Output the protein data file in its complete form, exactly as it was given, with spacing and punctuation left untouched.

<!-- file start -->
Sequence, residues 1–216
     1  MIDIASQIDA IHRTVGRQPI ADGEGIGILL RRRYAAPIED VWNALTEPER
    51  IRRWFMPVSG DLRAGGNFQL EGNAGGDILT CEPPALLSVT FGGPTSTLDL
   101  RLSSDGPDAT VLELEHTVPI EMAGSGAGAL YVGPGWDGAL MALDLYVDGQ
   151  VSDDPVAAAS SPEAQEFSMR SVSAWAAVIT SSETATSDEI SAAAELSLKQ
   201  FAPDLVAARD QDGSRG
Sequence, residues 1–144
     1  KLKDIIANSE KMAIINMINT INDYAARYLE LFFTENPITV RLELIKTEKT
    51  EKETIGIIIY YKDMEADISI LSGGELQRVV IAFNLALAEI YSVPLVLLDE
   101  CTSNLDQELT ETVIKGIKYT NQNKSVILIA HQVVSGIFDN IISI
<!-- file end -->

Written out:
Sequence, residues 1–216
     1  MIDIASQIDA IHRTVGRQPI ADGEGIGILL RRRYAAPIED VWNALTEPER
    51  IRRWFMPVSG DLRAGGNFQL EGNAGGDILT CEPPALLSVT FGGPTSTLDL
   101  RLSSDGPDAT VLELEHTVPI EMAGSGAGAL YVGPGWDGAL MALDLYVDGQ
   151  VSDDPVAAAS SPEAQEFSMR SVSAWAAVIT SSETATSDEI SAAAELSLKQ
   201  FAPDLVAARD QDGSRG
Sequence, residues 1–144
     1  KLKDIIANSE KMAIINMINT INDYAARYLE LFFTENPITV RLELIKTEKT
    51  EKETIGIIIY YKDMEADISI LSGGELQRVV IAFNLALAEI YSVPLVLLDE
   101  CTSNLDQELT ETVIKGIKYT NQNKSVILIA HQVVSGIFDN IISI